"When operated in conjunction with the larger Sites Reservoir, the benefits expand not only to the Sacramento Valley, but into the San Joaquin Valley and to Southern California," Watson said. "This project is a major step in helping to solve some of the water issues here."

The proposed Sites Reservoir is an offstream facility that would store water from the Sacramento River during winter months and is expected to add 500,000 acre-feet annually to the state's water system. Earlier this year, the California Water Commission made a tentative commitment of $816 million in Proposition 1 bond funding for the expected $5.1 billion project.

For the announcement, Perdue was joined by U.S. Interior Secretary Ryan Zinke, Assistant Secretary of the Army for Civil Works Rickey "R.D." James, plus elected officials and farmers.

California Farm Bureau Federation President Jamie Johansson, who attended the announcement, thanked the federal agency leaders for traveling to California and showing local agriculturalists that their voices are being heard in Washington, D.C.

"We have long known in agriculture that if we don't properly manage our resources we quickly create liabilities, whether it's floods, drought or forest fires," Johansson said. "This investment in the Maxwell Water Intertie enhances water management that will make a positive difference to rural and urban Californians throughout the state."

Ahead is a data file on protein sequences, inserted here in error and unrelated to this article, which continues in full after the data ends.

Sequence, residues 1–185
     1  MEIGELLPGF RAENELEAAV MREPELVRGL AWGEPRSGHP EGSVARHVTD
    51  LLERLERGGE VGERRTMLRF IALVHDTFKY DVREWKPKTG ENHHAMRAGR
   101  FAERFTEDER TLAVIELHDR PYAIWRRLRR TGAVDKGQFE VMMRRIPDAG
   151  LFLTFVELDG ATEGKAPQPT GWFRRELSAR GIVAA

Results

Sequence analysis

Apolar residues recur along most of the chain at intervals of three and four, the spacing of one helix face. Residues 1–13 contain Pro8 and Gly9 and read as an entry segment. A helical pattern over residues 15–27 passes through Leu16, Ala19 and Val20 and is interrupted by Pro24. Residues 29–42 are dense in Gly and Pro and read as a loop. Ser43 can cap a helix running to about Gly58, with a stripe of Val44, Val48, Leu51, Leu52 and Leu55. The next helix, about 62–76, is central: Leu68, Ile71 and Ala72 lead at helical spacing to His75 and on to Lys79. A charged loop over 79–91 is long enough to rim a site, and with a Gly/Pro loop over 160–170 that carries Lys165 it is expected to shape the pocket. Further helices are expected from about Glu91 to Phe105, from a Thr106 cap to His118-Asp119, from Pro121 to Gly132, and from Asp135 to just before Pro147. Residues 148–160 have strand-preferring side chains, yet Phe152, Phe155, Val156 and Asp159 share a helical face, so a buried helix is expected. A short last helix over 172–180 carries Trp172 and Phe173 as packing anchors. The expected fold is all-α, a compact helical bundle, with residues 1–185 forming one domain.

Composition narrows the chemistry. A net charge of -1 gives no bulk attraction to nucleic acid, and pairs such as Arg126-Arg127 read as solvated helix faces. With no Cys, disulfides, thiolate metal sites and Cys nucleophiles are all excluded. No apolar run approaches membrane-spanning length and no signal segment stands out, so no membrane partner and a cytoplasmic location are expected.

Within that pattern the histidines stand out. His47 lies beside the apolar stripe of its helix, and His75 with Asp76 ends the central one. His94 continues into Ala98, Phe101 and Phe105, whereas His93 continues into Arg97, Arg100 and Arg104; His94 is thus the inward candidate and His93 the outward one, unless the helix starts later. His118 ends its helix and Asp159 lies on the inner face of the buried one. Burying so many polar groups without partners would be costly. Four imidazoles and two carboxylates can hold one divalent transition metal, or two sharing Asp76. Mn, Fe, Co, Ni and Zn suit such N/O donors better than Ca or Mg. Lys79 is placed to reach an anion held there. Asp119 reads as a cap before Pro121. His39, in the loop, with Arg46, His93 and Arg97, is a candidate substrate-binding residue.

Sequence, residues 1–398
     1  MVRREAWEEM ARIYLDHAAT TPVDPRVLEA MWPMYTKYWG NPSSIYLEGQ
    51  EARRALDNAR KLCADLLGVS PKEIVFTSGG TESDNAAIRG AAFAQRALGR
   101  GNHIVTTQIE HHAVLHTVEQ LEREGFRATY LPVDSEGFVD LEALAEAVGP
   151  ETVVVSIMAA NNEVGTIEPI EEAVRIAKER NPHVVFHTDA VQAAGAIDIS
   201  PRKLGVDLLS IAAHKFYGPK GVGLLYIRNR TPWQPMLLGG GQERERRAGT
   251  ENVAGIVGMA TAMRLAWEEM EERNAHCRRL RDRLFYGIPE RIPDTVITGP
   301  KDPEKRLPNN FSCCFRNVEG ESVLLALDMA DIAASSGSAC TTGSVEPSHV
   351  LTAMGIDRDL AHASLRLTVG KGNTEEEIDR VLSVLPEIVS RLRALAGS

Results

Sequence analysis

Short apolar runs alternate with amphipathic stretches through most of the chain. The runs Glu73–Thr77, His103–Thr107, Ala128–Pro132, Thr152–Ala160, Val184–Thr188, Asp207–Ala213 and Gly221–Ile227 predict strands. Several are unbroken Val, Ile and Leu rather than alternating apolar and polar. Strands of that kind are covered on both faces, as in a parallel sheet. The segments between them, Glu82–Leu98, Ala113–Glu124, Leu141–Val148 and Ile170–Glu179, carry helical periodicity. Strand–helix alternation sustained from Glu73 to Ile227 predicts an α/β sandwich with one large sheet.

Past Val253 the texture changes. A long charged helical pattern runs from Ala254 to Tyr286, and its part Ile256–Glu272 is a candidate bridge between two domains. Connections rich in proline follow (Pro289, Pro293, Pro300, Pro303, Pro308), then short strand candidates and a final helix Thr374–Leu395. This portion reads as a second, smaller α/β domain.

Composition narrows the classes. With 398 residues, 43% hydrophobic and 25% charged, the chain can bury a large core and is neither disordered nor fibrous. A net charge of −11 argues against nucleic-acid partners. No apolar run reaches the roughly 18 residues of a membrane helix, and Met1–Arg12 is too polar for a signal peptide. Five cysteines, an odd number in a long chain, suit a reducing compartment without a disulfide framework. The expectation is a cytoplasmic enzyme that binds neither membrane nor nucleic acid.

Zinke said the intertie project would increase system flexibility.

"(The Maxwell Water Intertie) is for farming, municipalities, wildlife and recreation; it really is flexible and appropriate," Zinke said. "The good thing about California is God gave you a lot of water, but it needs to be distributed a little more, because demands for water are going to increase and having storage will help to move it around and be flexible. I think Sites Reservoir and the interchange, and (raising) Shasta, those three projects will make a significant difference."

The loan from the USDA, Watson said, is contingent on the project completing environmental documents, permits and designs before money is awarded; he said he expects that to happen by late 2022. Money to repay the loan would come from rural and urban water users, he said.